Cell phone was stashed behind goal post

Updated: December 15, 2003, 9:54 PM ET
Associated Press

NEW ORLEANS -- Joe Horn really did phone it in Sunday night.

The New Orleans receiver couldn't wait to talk about his touchdown, so he pulled out a cell phone and made a call from the end zone.

After catching the second of four touchdown passes against the New York Giants, Horn was handed a flip-phone by teammate Michael Lewis, who pulled it out from under the padding used to protect the goal post.

Theismann Take
Joe Theismann
I have to agree with Saints coach Jim Haslett when he said Horn's actions aren't what the Saints are about. This was a classless and extremely disheartening thing for Horn to do. This was a sheer example of selfish football that could've cost the Saints the game if the Giants had been able to take advantage of the great field position that resulted from the excessive celebration penalty. The Saints and the league are probably going to both fine Horn and he's quite deserving of the loss of money.

A game analyst for ESPN's Sunday Night Football, former NFL quarterback Joe Theismann won a Super Bowl and a league MVP award. He contributes regularly to ESPN.com.

Horn was still wearing his helmet when he punched in numbers, put the phone to his earhole and began speaking into it for a few seconds.

"I had told my kids to be at home, watching the game, and I told my momma, 'Mom, if I score the second one, I'm going to get my cell phone out,' " Horn said.

Horn then ran back to his bench and was confronted by coach Jim Haslett.

Horn drew the coach's ire earlier this season for a touchdown celebration. After scoring against Atlanta Oct. 19, Horn pretended to machine gun two teammates, who fell to the ground in the end zone.

"It was the same thing in Atlanta," Haslett said. "He'll learn. He's only 32."

The weird TD-celebration rivaled that of San Francisco's Terrell Owens. Last year, the 49ers' receiver pulled out a pen from his sock after scoring a TD against Seattle, signed the ball and handed it to his financial consultant seated in a nearby suite.

Earlier Sunday, Cincinnati receiver Chad Johnson mugged for the cameras. After his 10-yard touchdown catch on the Bengals' first possession, he ran out of the end zone and retrieved a preprinted sign stored behind a snow drift.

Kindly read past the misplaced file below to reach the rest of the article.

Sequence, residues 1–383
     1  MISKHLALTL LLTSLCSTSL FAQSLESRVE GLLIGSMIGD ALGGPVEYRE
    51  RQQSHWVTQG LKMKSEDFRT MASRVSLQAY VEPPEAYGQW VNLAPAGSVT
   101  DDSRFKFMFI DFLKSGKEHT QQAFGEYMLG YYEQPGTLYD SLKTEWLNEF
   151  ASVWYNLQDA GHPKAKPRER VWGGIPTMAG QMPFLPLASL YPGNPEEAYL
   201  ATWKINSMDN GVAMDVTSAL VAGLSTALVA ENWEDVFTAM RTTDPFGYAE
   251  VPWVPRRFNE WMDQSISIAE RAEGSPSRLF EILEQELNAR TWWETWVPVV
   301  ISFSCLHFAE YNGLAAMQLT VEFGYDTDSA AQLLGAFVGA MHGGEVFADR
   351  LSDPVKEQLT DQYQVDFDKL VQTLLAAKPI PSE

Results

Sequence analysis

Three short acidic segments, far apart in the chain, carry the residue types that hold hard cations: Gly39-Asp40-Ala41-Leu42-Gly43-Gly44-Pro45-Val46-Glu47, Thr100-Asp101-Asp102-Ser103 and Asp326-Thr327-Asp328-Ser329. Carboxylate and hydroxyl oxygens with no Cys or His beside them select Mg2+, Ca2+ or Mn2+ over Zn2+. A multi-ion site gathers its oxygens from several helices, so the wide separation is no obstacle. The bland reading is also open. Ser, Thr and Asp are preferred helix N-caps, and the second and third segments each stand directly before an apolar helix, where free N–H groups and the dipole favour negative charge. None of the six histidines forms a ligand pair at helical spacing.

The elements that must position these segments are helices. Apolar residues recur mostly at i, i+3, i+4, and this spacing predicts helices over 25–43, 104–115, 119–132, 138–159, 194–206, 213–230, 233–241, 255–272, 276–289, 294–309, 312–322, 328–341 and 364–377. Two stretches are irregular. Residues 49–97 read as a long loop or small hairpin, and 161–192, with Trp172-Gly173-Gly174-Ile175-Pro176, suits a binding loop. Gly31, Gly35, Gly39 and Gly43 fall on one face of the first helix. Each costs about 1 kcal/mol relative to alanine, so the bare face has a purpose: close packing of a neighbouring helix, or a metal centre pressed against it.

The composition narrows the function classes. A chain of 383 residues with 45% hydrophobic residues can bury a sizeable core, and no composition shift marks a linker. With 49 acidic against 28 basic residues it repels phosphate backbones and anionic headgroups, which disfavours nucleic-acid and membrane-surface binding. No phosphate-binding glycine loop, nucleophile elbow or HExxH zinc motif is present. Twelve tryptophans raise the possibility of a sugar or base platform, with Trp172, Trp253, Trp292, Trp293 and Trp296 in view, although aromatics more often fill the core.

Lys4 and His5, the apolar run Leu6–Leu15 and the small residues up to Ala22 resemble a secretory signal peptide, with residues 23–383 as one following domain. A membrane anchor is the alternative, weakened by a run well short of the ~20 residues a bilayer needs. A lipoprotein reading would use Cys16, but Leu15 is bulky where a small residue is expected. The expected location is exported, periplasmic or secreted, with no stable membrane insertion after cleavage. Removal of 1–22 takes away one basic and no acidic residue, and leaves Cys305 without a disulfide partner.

Johnson, who has repeatedly been fined by the league for uniform violations and touchdown celebrations, held up the sign that read: "Dear NFL: Please don't fine me again."

Horn's antics resulted in a 15-yard unsportsmanlike conduct penalty on the ensuing kickoff of a game the Saints won 45-7. At the time, New Orleans led 17-7 in the second quarter.

"It was uncalled for," Haslett told ESPN before the start of the second half. "We don't do that here.

"Obviously he'll be fined for it, and he should be fined for it."

The NFL had no immediate comment.

Horn, played the rest of the game and finished with nine catches for 119 yards.

In the third quarter, Horn capped a 60-yard drive with a 7-yard touchdown reception, his third of the game, tying the franchise record set last season by Deuce McAllister. This time, he took the football to quarterback Aaron Brooks, presented it to him and hugged him.

In the fourth quarter, Horn caught an 18-yard scoring pass in the same end zone where the phone call took place, and this time he did a short victory dance.

"You don't do stuff like that," Haslett said after the game. "I know it was premeditated. I know it was national television. But you don't do it.

"I won't fine him," he said, grinning.

Meanwhile, fans seated behind New Orleans' bench waved cell phones and offered them to the team.

The Giants reaction varied.

"I have great respect for Joe Horn, but that's not original," New York defensive end Michael Strahan said. "Terrell Owens already beat everybody to that stuff. That's bush league."

Quarterback Jesse Palmer, who made his first NFL start, found it funny. But after the Giants' 45-7 loss, their sixth straight, wide receiver Amani Toomer said Horn's prank was not his concern.

"Him and his cell phone are the least of our worries," Toomer said.


Copyright 2003 by The Associated Press